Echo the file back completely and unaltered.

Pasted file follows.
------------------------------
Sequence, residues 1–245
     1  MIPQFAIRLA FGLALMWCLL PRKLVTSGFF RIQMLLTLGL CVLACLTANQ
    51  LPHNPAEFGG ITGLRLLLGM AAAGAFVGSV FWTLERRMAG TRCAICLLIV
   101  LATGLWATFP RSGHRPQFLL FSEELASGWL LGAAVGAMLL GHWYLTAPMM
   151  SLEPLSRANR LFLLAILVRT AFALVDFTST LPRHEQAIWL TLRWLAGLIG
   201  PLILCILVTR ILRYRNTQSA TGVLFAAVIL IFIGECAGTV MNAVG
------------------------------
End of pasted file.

Sequence, residues 1–245
     1  MIPQFAIRLA FGLALMWCLL PRKLVTSGFF RIQMLLTLGL CVLACLTANQ
    51  LPHNPAEFGG ITGLRLLLGM AAAGAFVGSV FWTLERRMAG TRCAICLLIV
   101  LATGLWATFP RSGHRPQFLL FSEELASGWL LGAAVGAMLL GHWYLTAPMM
   151  SLEPLSRANR LFLLAILVRT AFALVDFTST LPRHEQAIWL TLRWLAGLIG
   201  PLILCILVTR ILRYRNTQSA TGVLFAAVIL IFIGECAGTV MNAVG